During the Parliamentary debate over the Stamp Act (1765), Isaac Barré referred to the American opponents of the new tax as the "Sons of Liberty*." Secret radical groups in the colonies adopted this name and worked to oppose the stamp tax and other later parliamentary revenue programs.
Membership in the Sons was largely middle class with more upper-class representation than lower. Relationships were often negotiated with street elements, which sometimes conducted violent actions u0097 often without the Sons' approval. A streak of conservatism remained a hallmark of the Sons until the 1770s. Initially they saw their role as the organizers of protests against specific government policies and not as the disrupters of royal authority.
The first such group was formed in New York City in the fall of 1765. Its leaders were Isaac Sears and Alexander McDougall, both prosperous self-made men and neither a beneficiary of inherited wealth. Loyalty to these men was widespread among the city's working elements.
One of their first contributions to Stamp Act opposition was to enforce nonimportation agreements. Greedy merchants would occasionally handle forbidden products, if the price were right. If discovered, the New York Sons of Liberty would force the guilty merchants to make humiliating public confessions - there were few repeat offenders. The New Yorkers also were active with contacting other colonies and encouraging resistance through committees of correspondence.
Not all New York demonstrations remained peaceful. In May 1766, the Sons interrupted the opening performance at a new theater by shouting, u0093Liberty!u0094 and forcing the audience into the street. Wigs and other signs of class distinction were taken from the theatergoers. The building was pulled down and the resulting jumble of wood was used for a great bonfire.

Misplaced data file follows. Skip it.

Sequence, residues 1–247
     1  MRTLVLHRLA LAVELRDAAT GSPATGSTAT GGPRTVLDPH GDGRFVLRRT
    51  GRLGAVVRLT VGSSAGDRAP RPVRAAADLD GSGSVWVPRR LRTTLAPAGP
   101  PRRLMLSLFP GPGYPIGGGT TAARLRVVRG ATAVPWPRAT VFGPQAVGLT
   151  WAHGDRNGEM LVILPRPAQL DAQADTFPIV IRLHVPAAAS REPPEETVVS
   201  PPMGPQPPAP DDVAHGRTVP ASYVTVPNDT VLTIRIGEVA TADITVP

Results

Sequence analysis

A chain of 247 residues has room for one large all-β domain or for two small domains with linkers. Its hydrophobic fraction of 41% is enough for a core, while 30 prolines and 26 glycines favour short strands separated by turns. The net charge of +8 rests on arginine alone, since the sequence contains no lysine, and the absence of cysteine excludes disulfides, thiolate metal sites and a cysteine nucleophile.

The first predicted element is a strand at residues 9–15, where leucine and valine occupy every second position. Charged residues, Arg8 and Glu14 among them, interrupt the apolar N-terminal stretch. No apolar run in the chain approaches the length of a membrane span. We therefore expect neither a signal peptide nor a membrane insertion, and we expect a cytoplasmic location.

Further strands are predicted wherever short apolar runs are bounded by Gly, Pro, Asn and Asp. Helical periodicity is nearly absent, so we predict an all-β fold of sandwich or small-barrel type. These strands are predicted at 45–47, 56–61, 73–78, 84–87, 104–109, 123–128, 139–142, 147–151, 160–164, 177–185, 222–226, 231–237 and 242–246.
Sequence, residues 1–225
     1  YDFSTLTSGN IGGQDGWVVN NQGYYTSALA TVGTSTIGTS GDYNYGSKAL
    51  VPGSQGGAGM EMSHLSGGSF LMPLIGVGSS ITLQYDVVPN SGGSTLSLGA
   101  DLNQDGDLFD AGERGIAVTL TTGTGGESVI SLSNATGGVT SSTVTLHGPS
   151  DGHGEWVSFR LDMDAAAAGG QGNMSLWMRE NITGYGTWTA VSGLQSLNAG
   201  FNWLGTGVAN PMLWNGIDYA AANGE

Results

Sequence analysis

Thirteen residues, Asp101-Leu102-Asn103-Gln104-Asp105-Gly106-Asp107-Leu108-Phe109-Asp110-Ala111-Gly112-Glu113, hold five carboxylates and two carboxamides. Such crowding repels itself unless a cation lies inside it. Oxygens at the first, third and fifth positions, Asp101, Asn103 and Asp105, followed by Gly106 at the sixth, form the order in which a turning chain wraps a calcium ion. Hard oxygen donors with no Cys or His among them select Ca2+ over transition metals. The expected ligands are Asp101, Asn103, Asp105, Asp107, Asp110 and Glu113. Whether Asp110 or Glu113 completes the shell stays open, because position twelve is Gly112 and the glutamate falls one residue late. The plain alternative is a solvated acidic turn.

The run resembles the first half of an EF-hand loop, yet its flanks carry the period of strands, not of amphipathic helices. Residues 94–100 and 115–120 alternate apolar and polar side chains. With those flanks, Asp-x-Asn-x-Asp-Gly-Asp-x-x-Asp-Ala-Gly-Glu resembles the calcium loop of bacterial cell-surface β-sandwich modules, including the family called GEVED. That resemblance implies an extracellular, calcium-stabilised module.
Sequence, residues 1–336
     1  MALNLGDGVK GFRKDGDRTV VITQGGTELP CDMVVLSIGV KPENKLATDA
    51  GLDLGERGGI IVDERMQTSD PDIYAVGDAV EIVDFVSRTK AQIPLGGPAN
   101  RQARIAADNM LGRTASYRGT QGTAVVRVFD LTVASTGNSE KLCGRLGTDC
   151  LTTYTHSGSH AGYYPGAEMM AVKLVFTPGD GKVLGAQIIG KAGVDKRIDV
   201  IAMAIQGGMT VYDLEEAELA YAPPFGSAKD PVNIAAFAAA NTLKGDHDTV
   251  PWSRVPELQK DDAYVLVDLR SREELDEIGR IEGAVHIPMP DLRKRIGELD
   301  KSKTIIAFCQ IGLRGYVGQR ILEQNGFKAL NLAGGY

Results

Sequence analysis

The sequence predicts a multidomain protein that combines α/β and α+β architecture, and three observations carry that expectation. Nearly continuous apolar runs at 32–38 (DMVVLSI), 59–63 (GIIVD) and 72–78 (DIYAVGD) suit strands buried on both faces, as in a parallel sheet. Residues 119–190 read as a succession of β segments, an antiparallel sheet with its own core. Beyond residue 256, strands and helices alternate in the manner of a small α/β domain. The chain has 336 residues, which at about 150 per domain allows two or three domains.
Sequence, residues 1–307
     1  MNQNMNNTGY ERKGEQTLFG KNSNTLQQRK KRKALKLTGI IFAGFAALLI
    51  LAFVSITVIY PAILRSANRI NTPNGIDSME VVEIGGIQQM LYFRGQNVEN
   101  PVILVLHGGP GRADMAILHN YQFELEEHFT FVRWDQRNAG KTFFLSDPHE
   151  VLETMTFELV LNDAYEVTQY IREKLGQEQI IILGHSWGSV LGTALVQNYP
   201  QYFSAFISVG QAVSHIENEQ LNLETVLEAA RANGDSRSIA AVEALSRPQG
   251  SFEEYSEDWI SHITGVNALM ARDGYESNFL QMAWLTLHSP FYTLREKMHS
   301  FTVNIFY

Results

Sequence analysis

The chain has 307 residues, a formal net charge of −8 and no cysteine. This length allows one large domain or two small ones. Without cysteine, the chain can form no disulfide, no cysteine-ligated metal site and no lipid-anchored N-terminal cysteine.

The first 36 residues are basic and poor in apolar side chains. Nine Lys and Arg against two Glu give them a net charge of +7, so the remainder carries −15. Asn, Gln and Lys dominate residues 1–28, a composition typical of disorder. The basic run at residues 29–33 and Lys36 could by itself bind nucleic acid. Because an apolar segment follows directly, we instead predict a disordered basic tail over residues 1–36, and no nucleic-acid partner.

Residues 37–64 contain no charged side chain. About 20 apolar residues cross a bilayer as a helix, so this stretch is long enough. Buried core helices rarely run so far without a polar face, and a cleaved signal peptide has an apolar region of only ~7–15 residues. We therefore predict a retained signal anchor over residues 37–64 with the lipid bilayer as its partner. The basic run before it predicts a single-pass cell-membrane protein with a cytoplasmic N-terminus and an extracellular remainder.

Samuel Adams and Paul Revere headed the Sons of Liberty in Massachusetts. The Sons there also organized demonstrations, enforced boycotts, and occasionally resorted to violence to advance their agenda. Francis Bernard, governor of Massachusets, sent an account to the Earl of Halifax, an important figure in the British government, in which he remarked:
On Monday, August 26, there was some small rumor that mischief would be done that night, but it was in general disregarded. Toward evening some boys began to light a bonfire before the Town House, which is a usual signal for a mob. Before it was quite dark a great company of people gathered together crying liberty and property, which is the usual notice of their intention to plunder and pull down a house. They first went to Mr. Paxton's house (who is marshal of the Court of Admiralty and surveyor of the port) and finding before it the owner of the house (Mr. Paxton being only a tenant), he assured them that Mr. Paxton had quitted the house with his best effects; that the house was his; that he had never injured them; and finally invited them to go to the tavern and drink a barrel of punch. The offer was accepted and so that house was saved.
Similar groups were later formed in the Carolinas, Virginia and Georgia.
The Sons of Liberty's influence waned in most of the colonies following the repeal of the Stamp Act in early 1766. However, the movement was revived with the passage of the Townshend Acts in 1767, and would remain a fixture of American resistance to the time of independence. It was then that they played a particularly prominent role in setting up the First Continental Congress (1774).
*The name Sons of liberty had frequently been used in earlier times by a variety of informal local groups organized to oppose unpopular government policies. Those groups were far surpassed by the numbers and influence of the Sons of Liberty of the 1760s and 1770s.
See timeline of the American Revolution .
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